The war against antibiotic resistance might have a new weapon in its arsenal, and it’s manufactured by none other than horse manure! A research team led by Markus Aebi, Professor of Mycology at ETH Zurich (the Swiss Federal Institute of Technology in Zurich) was studying the relationship between fungus and different types of bacteria when results showed that a common inky cap mushroom called Coprinopsis cinerea destroyed some of the bacteria. Digging deeper, researchers found that it was the protein compound copsin that was exhibiting the antibiotic effect.
A New Age of Antibiotics
Antibiotic resistance is one of the biggest threats to human health and longevity. We’ve enjoyed a 70-year winning streak against infectious illness, but this streak is sure to come to an end as bacteria strains have mutated and no longer respond to antibiotics. Scientists are scrambling to replace these now defunct antibiotics with natural solutions that won’t succumb to antibiotic resistance. Copsin may be one such solution, and horse manure may hold the key.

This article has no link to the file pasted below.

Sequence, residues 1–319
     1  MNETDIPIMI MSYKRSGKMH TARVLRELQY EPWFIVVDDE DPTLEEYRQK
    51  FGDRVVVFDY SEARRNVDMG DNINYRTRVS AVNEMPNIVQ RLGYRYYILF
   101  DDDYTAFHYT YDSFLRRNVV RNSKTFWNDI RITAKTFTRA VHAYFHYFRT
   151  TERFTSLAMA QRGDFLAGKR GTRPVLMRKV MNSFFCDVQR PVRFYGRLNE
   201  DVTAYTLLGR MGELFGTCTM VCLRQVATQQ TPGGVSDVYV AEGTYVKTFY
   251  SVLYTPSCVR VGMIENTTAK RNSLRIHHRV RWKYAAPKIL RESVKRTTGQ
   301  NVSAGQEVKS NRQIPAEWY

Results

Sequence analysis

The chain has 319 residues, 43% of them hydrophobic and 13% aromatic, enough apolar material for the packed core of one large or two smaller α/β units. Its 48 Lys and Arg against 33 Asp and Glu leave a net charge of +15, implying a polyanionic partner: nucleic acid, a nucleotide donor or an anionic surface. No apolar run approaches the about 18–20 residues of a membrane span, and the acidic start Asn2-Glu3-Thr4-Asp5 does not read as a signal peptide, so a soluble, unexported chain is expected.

“Horse dung is a very rich substrate that harbors a diversity of micro-organisms, including fungi and bacteria,” said Essig. “Now these micro-organisms are in a constant competition for nutrients and space and it’s therefore very likely to find potent antibiotics in such an environment, which are used by the different organisms to inhibit the growth of the competitors.”
Essig’s team cultivated C. cinerea in the laboratory alongside several strains of infectious bacteria, and the mushroom was able to eradicate several types of bacteria. Copsin, a protein, has a very unique mechanism of attack. It binds to the cell wall of the bacteria, thereby disrupting cell wall synthesis and killing the bacteria.
Researchers also say that copsin may be a viable candidate for food preservation because it kills pathogens such as listeria, a common cause of severe food poisoning. Tests have shown that copsin is extremely stable when exposed to high temperatures and an acidic environment. Of course, these studies are preliminary, but researchers are busy exploring the promising potential of copsin as an antibiotic weapon. After all, our antibiotics have only lasted 70 years…but the defense mechanisms of fungi have proven successful for millions.